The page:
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The quote has been attributed to everyone from Jack Welch to Roger Enrico to Michael Hammer. But no matter, I think the substance of the quote makes sense. The irony, of course, is that in our metric driven world it is usually the “hard stuff” that gets measured, while the harder to measure “soft stuff” gets left alone.
These ‘soft’ intangible factors cover a broad spectrum of subjects: brand design, advertising, emotional intelligence, talent development, innovation and that bucket of “people stuff” that covers among other things employee engagement and culture change.
Of course, most of this is not new: in leadership circles some are trying to distinguish between IQ (Intelligence Quotient) and EQ (Emotional Quotient). In this way trying to draw a distinction between the two. Most people would agree that the soft stuff, whatever it is, isn’t easily measurable but you can recognise it when you see it. Sustainable business success needs both the hard and the soft stuff.
We all know that the success rate of New Product Development (NPD) is low – around 76% fail in year 1. In response to this, the insight and research industry has improved its models, made itself more agile, worked on validation and additional sources of data and assiduously looked for ways to improve our capacity to predict. But, despite this, we have not got any better. In fact, with increasing market complexity I anticipate the ability to predict will get worse rather than better.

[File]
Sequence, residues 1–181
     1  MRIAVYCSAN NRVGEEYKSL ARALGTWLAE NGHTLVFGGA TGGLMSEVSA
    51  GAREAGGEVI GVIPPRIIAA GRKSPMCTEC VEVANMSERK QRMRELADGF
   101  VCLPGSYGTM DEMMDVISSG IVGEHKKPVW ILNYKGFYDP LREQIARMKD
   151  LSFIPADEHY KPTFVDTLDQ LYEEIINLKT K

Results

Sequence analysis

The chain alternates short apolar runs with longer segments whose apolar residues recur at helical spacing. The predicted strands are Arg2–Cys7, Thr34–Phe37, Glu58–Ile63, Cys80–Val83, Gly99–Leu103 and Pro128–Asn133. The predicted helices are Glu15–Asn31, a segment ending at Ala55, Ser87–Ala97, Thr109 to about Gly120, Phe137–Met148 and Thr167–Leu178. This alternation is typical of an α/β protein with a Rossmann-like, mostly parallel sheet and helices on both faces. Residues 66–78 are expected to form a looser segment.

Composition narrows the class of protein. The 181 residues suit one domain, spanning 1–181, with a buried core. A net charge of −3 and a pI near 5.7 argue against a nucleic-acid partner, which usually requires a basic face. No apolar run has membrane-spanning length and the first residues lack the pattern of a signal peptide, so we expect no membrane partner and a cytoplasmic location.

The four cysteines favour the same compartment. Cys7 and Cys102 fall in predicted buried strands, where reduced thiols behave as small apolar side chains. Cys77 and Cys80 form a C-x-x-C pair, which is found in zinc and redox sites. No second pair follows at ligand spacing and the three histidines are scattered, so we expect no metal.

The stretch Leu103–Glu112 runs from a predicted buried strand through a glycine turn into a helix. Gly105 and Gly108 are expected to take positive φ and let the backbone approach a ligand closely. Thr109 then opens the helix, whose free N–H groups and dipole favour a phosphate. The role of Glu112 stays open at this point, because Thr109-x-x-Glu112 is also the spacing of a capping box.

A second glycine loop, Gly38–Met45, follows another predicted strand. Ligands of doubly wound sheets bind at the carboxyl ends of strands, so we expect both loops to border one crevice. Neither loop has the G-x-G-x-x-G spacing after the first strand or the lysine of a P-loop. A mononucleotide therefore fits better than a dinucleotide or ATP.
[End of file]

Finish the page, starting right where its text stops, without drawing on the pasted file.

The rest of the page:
My contentious issue is: are we looking in the wrong place for improvement? By turning the NPD spotlight away from customers and into the very organisations we work for, a better measure can emerge.
Nielsen in their fabulous Breakthrough Innovation Report[i], did an analysis of 61,000 SKUs and identified four rules for innovation success:
The whole report is well worth reading, but it is the fourth rule that provides a clue where we need to look for improvement in success. It is the idea of “togetherness”. This can be thought of as team work. It is the belief that if everyone is behind an idea, it is more likely to be successful. But this is also a challenge.
Historically, researchers have interviewed, observed and analysed consumer attitudes and behaviour but never the internal teams. It’s like trying to predict the success of football clubs by only focusing on the individual footballers rather than the whole team with manager support staff.
At BuzzBack we frequently engage with internal stakeholder groups involved in the innovation process. Typically, we do this confidentially so that we avoid ‘group think’ and encourage people to reveal what they really think - without saying what they think their bosses or colleagues want to hear. We have found that the easiest way of doing this is to ask internal teams using their mobile phones, so later in the innovation process we can compare the views of consumers with the internal team’s.
The similarity – or difference – between the internal and external view we measure with what we call the coefficient of togetherness. The higher the number, the closer the internal teams are to the views of the consumers. Click here to read a case study.
The advantage of this approach is that it provides an objective and explicit measurement of how close the internal team is aligned; both with themselves and consumers. This ensures that the ideas that advance have the best chance of succeeding. If success really is driven by teamwork, it is time we had a measure of this “soft stuff”.